• In 2011, nearly half (49%) of all live births were to mothers aged 30 and over. Interestingly the number of women over the age of 45 years having babies has almost trebled in a decade, as couples delay having children for financial as well as career choices. The overall rise since 1973 reflects the increasing numbers of women who have been delaying childbearing to later ages.
  •  Nearly two-thirds (65%) of fathers were aged 30 and over in 2011 (excluding births registered solely by the mother).
  • In 2011, the average age of mothers for all births was 29.7 years and for first births the  average age of mothers was 27.9 years.
  • Overall there were 723,913 live births in England and Wales in 2011. The number of live births has risen by 22% from 594,634 in 200. Quite an increase!

Pip midwife care                 taylor crail 2010 078

As a way of introduction, my name is Helen Taylor and I have practiced as a Registered Midwife in the UK since 1994. For the first 15 years following my graduation with a BSc (Hons) Midwifery, I worked solely for the NHS, gaining valuable experience in all area’s of midwifery.

In 2009, I decided to launch my own Independent Midwifery Practice, as I wanted to be able to offer women/ expectant couples access to “personal midwifery” support at the unique time of their lives during pregnancy, preparation for childbirth and the postnatal period.

And so “Midwife Care” was “born”in 2009, and what a thoroughly professionally rewarding experience it has proved to be!  It has truly re-ignited my passion for midwifery (which had become lost in the cost cutting exercises of the NHS). There are so many aspects that I have enjoyed aboutmy Independent Practice, but one of the one’s that stands out from the crowd, is being able to provide continuity of care to my client’s, supporting them in pregnancy, through to parenthood.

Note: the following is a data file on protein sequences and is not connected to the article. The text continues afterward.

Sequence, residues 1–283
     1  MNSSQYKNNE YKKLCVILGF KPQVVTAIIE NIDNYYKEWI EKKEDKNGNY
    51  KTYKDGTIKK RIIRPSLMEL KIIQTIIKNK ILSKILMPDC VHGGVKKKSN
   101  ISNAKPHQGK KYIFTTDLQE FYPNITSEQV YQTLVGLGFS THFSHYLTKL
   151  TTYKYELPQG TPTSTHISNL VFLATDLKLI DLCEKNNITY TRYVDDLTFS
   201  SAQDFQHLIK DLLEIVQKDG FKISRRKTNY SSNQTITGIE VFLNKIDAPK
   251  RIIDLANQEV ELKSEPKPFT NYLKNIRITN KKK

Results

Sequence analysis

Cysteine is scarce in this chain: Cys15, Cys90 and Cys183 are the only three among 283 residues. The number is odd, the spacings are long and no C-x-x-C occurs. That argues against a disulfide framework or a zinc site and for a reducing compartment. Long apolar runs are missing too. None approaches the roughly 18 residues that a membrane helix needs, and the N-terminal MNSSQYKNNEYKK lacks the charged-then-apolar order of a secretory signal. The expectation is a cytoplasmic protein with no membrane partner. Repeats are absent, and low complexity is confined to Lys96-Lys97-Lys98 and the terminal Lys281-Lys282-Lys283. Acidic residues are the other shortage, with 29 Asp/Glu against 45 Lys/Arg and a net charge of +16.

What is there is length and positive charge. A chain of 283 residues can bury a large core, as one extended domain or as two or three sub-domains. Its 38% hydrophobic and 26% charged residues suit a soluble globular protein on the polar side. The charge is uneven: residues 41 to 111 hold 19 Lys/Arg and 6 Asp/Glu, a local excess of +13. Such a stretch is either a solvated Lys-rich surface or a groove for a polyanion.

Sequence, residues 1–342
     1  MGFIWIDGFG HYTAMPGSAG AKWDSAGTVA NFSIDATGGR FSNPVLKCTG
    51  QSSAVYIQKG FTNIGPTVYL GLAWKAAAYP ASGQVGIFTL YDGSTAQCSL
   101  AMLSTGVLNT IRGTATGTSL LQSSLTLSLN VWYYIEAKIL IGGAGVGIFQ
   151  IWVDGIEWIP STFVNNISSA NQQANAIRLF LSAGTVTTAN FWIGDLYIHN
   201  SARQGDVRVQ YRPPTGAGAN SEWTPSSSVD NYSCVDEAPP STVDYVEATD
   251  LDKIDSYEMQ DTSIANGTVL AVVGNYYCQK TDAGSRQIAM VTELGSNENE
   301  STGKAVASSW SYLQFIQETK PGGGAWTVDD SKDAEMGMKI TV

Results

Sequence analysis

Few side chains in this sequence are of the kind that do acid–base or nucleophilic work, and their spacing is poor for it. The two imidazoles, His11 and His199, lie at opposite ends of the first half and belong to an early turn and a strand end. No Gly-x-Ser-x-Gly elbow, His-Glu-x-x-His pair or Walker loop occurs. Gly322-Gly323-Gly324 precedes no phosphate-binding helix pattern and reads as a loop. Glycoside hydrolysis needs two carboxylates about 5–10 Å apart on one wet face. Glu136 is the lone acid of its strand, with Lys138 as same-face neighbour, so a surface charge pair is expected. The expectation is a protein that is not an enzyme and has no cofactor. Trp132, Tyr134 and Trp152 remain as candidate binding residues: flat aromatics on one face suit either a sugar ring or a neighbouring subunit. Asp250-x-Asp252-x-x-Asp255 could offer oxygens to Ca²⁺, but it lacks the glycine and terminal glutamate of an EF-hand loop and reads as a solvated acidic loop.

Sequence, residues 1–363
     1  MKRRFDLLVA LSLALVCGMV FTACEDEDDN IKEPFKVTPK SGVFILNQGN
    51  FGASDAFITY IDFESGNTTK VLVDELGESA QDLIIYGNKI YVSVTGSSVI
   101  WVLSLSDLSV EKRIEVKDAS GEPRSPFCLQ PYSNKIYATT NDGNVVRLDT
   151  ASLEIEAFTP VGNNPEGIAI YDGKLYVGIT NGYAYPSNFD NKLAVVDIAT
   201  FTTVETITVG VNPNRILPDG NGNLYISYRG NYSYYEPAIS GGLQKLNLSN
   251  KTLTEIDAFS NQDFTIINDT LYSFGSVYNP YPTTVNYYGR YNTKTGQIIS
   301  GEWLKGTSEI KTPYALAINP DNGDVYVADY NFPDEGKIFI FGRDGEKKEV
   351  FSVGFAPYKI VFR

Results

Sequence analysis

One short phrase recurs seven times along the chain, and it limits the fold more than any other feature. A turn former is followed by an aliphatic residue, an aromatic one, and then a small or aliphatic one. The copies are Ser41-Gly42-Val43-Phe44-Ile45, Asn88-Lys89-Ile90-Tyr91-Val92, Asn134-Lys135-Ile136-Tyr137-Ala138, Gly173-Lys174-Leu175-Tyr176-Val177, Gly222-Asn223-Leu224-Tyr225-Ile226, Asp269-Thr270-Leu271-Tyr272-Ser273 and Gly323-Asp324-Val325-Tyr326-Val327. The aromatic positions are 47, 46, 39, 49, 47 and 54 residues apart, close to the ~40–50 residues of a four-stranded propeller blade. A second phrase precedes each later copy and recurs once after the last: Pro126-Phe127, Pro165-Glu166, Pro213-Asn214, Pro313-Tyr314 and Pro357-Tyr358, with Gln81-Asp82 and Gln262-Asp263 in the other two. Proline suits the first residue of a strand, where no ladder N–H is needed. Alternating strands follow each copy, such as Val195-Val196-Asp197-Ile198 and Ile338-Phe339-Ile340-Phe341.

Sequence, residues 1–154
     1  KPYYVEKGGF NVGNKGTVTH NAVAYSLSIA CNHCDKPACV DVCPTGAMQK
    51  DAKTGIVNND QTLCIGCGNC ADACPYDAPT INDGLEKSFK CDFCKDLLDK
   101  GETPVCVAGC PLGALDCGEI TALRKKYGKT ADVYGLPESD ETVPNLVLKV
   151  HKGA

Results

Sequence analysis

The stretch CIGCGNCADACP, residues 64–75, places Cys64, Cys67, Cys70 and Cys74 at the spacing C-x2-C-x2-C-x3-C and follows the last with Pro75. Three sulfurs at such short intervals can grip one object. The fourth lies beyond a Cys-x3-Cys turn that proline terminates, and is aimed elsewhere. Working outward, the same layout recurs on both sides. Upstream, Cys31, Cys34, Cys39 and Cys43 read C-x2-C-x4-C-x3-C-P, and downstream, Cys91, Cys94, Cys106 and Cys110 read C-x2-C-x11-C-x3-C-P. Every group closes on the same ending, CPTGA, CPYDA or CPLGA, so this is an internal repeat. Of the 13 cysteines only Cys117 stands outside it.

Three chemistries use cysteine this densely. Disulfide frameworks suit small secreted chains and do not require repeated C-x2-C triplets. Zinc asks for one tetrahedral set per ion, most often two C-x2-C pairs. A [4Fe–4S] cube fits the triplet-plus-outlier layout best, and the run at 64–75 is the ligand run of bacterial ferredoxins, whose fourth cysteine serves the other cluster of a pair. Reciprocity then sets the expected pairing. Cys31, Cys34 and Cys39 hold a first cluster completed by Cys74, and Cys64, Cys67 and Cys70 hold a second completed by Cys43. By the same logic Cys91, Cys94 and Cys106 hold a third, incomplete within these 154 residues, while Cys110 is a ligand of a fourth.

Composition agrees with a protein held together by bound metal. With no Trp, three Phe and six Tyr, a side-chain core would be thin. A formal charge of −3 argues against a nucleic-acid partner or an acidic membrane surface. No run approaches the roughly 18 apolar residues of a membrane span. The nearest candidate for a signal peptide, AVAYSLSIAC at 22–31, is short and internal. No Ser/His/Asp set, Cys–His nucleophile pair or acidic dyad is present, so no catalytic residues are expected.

I offer women antenatal and postnatal midwifery appointments, in the comfort of their own home’s, and at times that suit them.  All appointments are generously timed to allow bespoke care, aimed at meeting the needs of each individual.  I offer care at any stage of pregnancy and up to 8 weeks postnatally, and cover a geographical area of London and North Kent. That is not to say that if you were outside of this area I would not be able to offer care!

By choosing to use private midwifery care, women do not exclude themselves from the NHS. Mos,t if not all of my clients, are “booked” to deliver with the NHS, but choose to access my midwifery services for their pattern of care rather than NHS appointments.  Clients can still access blood tests and scans on the NHS.  Should I have any concerns regarding any aspect of your care, I can directly refer to your GP or Obstetrician at your NHS hospital.

Additional midwifery services I offer include early pregnancy classes, group antenatal classes, as well as one to one private antenatal classes.

More recently I have been running “would be student midwives” sessions for people wanting to know more about the career of midwifery.